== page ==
Never has a pitcher been as dominant as Sandy Koufax was in his prime. Before arm injuries forced him into early retirement, the Dodgers' lefty crippled hitters over a five-year period in ways no hurler ever has.
Koufax broke into baseball with the Brooklyn Dodgers in 1955, but it was not until 1961 that he asserted his dominance. Nonetheless, Koufax’s most collectible baseball cards come from his early years.
The card shows a headshot of a boyish Koufax—it looks like he has yet to take his first shave—set against a yellow background. The card is not considered too difficult to find, though it is rarely in high-grade because it is prone to poor centering.
Koufax was not the centerpiece of the Dodgers team that won the World Series that year. In fact, he only pitched in 12 games in the 1955 season.
Two years later, while Koufax was still a middling pitcher, Topps released its most striking Koufax card. The 1957 Topps shows a close up of Koufax wearing a Brooklyn Dodgers cap—it was the team’s last year in Brooklyn before moving to Los Angeles—with his famously infectious smile from ear to ear. Like the entire 1957 Topps set, this card is often found poorly centered and with border toning.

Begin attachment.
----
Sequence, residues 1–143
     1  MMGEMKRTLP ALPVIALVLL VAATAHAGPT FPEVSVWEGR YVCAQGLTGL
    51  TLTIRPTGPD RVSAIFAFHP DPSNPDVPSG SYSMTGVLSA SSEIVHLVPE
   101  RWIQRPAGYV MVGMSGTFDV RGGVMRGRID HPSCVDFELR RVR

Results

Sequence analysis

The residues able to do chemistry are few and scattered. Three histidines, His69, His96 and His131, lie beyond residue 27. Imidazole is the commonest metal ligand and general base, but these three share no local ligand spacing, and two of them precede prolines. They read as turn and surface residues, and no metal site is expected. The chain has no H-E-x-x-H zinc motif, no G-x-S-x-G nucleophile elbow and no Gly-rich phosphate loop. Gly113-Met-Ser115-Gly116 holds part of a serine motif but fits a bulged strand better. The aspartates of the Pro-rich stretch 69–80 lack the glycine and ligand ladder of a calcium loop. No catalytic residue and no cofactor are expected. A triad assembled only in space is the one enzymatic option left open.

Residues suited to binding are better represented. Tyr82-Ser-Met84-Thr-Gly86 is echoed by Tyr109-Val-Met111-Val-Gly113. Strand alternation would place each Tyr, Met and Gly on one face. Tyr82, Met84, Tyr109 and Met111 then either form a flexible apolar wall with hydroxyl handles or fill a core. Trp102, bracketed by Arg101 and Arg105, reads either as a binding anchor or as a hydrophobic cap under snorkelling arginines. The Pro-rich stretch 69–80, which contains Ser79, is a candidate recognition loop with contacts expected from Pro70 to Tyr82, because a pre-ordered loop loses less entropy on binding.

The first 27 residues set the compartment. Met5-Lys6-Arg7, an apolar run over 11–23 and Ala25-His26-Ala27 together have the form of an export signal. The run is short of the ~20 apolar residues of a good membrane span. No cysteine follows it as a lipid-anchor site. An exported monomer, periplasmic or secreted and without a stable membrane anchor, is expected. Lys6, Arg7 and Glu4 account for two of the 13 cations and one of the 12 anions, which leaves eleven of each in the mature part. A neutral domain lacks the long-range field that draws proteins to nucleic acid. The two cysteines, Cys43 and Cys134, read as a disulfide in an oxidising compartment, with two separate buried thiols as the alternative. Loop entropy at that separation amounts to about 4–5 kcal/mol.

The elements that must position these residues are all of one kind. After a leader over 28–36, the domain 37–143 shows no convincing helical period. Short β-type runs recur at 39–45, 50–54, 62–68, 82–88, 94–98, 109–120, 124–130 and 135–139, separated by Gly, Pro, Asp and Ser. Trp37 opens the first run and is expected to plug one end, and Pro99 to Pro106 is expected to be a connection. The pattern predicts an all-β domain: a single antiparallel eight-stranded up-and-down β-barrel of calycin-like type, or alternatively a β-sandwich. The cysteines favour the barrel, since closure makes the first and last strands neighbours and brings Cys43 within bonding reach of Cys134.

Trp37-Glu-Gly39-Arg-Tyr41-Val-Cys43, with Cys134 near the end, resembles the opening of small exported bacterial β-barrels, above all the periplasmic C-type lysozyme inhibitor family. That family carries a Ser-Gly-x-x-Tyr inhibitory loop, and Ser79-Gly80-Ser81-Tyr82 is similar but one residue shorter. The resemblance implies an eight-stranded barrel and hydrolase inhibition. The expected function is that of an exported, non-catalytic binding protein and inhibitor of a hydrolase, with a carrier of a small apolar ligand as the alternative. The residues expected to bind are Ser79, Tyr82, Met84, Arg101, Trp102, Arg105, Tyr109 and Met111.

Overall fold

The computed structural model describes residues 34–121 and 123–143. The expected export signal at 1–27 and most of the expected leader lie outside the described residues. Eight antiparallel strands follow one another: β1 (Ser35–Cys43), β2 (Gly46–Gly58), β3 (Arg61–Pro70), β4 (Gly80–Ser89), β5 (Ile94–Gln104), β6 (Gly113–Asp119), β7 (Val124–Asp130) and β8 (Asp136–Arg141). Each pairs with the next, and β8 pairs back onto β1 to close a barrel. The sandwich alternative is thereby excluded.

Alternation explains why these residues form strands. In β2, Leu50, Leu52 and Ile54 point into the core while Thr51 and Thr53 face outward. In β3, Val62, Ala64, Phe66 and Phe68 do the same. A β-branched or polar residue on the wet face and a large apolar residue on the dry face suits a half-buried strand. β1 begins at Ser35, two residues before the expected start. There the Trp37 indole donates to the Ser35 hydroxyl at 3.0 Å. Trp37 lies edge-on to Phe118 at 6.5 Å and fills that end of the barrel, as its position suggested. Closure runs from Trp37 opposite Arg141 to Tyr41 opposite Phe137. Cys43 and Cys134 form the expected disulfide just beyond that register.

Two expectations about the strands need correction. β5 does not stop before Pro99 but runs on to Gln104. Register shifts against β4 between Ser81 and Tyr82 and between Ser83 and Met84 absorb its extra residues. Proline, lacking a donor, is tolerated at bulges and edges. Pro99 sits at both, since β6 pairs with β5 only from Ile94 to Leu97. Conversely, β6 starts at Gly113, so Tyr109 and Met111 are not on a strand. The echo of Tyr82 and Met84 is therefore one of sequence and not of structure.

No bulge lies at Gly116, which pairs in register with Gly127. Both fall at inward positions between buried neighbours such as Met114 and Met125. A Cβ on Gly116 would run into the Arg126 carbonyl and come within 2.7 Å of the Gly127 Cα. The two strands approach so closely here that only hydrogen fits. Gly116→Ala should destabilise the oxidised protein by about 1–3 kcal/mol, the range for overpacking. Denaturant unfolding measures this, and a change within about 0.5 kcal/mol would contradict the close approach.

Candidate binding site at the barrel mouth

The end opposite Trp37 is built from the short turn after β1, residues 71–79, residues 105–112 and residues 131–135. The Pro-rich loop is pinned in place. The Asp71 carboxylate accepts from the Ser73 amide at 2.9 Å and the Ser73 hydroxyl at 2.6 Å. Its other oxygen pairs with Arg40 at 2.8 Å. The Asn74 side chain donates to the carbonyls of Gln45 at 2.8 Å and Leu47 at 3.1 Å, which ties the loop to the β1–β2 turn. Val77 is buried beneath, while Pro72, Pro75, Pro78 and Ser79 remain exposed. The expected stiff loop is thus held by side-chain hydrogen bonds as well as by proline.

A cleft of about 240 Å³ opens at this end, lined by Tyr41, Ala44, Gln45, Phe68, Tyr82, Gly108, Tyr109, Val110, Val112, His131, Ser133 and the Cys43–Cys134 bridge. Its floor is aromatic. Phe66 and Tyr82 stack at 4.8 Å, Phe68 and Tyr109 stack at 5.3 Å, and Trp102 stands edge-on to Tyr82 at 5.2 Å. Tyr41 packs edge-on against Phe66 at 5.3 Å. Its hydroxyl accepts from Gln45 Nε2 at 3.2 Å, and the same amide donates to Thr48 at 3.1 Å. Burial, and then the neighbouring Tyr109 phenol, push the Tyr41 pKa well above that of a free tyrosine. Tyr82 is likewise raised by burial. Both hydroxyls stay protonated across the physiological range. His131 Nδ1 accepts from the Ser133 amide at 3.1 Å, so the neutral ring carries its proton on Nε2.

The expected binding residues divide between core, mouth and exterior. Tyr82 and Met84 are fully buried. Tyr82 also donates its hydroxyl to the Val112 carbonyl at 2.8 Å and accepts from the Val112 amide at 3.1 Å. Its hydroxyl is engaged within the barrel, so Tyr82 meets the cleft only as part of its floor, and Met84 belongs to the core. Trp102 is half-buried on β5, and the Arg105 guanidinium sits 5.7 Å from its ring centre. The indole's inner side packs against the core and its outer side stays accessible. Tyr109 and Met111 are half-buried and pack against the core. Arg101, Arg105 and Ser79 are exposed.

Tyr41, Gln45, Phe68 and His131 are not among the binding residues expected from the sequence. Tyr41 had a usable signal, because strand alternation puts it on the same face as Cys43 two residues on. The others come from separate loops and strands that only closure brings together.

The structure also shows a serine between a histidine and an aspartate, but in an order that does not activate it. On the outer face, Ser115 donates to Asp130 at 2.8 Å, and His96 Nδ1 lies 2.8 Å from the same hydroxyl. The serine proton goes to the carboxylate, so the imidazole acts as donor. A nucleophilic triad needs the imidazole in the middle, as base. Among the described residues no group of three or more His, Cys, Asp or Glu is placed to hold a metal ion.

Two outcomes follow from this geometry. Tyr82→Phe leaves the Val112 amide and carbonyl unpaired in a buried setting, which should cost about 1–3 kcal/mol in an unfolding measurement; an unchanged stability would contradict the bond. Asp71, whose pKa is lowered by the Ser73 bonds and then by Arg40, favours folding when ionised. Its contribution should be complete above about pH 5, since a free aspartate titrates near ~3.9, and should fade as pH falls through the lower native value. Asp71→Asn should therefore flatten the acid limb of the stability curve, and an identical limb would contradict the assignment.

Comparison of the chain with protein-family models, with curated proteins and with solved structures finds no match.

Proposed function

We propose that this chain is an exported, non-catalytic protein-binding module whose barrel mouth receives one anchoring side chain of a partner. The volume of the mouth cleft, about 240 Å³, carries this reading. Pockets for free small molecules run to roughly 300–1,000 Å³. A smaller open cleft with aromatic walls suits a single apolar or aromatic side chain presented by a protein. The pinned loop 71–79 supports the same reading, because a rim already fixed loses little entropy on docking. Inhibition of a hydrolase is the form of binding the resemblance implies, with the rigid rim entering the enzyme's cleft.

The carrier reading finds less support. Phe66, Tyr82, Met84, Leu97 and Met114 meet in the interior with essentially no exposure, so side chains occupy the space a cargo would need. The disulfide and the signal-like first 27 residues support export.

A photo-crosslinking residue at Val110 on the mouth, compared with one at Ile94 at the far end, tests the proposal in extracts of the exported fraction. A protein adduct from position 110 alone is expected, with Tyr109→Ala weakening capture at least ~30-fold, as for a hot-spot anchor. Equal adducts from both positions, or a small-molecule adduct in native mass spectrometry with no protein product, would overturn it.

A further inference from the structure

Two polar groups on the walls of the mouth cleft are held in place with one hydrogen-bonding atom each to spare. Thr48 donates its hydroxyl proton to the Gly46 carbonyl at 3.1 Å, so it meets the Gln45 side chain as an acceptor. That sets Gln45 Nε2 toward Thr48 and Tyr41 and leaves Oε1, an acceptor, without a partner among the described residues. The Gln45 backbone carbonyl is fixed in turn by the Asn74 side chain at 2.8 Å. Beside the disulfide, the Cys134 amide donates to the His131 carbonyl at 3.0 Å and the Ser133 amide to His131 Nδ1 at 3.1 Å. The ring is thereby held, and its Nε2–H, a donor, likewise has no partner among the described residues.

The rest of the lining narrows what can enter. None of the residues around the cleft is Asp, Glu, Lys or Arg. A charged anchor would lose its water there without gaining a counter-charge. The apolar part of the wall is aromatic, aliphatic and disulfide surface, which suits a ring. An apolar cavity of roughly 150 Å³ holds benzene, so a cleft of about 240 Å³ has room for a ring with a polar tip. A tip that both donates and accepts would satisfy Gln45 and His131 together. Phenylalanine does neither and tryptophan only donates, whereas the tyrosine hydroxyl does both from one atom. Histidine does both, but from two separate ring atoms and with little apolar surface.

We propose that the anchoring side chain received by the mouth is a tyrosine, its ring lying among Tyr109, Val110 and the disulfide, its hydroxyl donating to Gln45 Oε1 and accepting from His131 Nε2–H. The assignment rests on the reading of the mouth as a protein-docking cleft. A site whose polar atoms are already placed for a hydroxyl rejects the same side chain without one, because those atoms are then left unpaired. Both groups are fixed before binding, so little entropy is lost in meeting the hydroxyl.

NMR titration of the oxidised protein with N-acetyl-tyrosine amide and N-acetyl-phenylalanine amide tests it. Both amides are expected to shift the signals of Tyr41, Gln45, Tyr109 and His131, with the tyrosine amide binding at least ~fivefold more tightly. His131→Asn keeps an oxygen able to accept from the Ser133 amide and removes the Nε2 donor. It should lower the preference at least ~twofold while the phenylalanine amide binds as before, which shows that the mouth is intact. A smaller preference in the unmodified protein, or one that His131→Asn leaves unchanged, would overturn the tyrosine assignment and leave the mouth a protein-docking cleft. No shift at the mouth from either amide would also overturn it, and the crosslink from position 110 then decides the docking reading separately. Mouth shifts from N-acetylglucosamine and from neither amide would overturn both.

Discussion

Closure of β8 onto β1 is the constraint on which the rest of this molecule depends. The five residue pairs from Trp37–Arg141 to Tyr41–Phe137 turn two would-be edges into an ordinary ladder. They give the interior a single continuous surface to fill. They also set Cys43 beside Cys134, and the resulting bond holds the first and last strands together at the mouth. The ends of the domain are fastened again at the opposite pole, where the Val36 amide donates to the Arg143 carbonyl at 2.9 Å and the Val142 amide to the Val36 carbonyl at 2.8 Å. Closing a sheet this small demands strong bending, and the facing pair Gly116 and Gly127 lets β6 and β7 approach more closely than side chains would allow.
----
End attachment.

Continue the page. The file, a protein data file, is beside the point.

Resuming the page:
After the 1957 season, the Dodgers headed west. To commemorate the move, Bell Brand, a corn and potato chip company, released a ten-card regional set of all Dodgers. Bell Brand a...
The black-and-white Koufax card shows the lefty crouched down, as if he had just delivered a pitch to the plate. It’s a great image, but because the card came in bags of potato chips, it is very difficult to find in good condition.